29 March

Outdoor gatherings of either six people or two households will be allowed; outdoor sports facilities such as tennis courts and open-air swimming pools can reopen; and people will be able to take part in organised outdoor sports. Working from home will still be encouraged, and travel abroad will continue to be prohibited. The UK’s vaccination programme will carry on, though ministers have warned that numbers of jabs given may be affected by restrictions on supplies. Scientists will also be closely monitoring case numbers, which have plateaued over the past week and have started to rise in some areas. If this trend continues, it could lead to delays in the lifting of restrictions over the next three months, officials have warned.

12 April

Caravans on a sunny campsite

Campsite and self-catering holiday accommodation can reopen from 12 April. Photograph: Marco de Swart/EPA

This date will see the opening of all shops, hairdressers, libraries and community centres as well as zoos, theme parks and drive-in cinemas. Campsites and holiday lets will also be allowed to reopen. Bars and restaurants will be able to serve food and drink outdoors, while funerals with up to 30 mourners will be permitted, and weddings, receptions and commemorative events with up to 15 people attending.

The government’s taskforce on global travel will also report on 12 April, but is unlikely to sanction foreign holidays for British people for the immediate future. By this time, the anticipated slowdown in doses could be having an effect on the country’s vaccination programme, although doctors still expect the UK will meet its target of giving jabs to all over-50s by 15 April. By then, about 32 million individuals should have been offered a first dose of a Covid-19 vaccine.

17 May

audience laughing at a cinema

Cinema trips may be an option from 17 May. Photograph: Tim Macpherson/Getty Images

This is the earliest date for step three of the lifting of lockdown, which is when most legal restrictions on meeting others outdoors will be removed. However, the exact date will depend on how case numbers across the UK are behaving. If they are rising too quickly, this stage could be delayed.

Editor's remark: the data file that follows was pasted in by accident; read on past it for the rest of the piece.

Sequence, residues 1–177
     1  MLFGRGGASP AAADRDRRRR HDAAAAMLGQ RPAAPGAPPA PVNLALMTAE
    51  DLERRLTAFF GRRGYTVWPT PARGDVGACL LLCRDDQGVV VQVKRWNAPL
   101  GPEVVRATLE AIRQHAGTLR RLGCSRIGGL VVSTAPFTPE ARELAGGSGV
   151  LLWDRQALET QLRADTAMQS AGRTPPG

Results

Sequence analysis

When approved, step three will allow most businesses to reopen, as well as cinemas, hotels, hostels and B&Bs; indoor sports and exercise classes; and some larger performances in indoor and outdoor venues. In the largest outdoor venues, where crowds can be spread out, up to 10,000 people will be able to attend.

Around this time, the government will carry out a review of social distancing and other restrictions imposed to reduce virus transmission, and will make a decision on when wearing face coverings, staying apart from others and other measures should be lifted.

21 June

DJ and clubbers

Big nights out at clubs won’t be on offer until after 21 June. Photograph: PA

At this point, the government says it hopes to be in a position to remove all legal restrictions on social contact between people. All remaining business premises, including nightclubs and most large events and performance spaces will reopen, though the exact timing will depend on the results of a scientific events research programme, based on tests at pilot events. These results will also guide decisions on whether all limits can be removed on weddings and commemorative events.

By this stage, the UK – if vaccine supplies bounce back in May as has been forecast – should be well on its way to its target of vaccinating every adult in the country. The emergence of new variants of Covid-19 will also be monitored closely and the government has indicated it could introduce a new vaccination programme to protect people against these mutant viruses later in the summer.

This content first appear on the guardian

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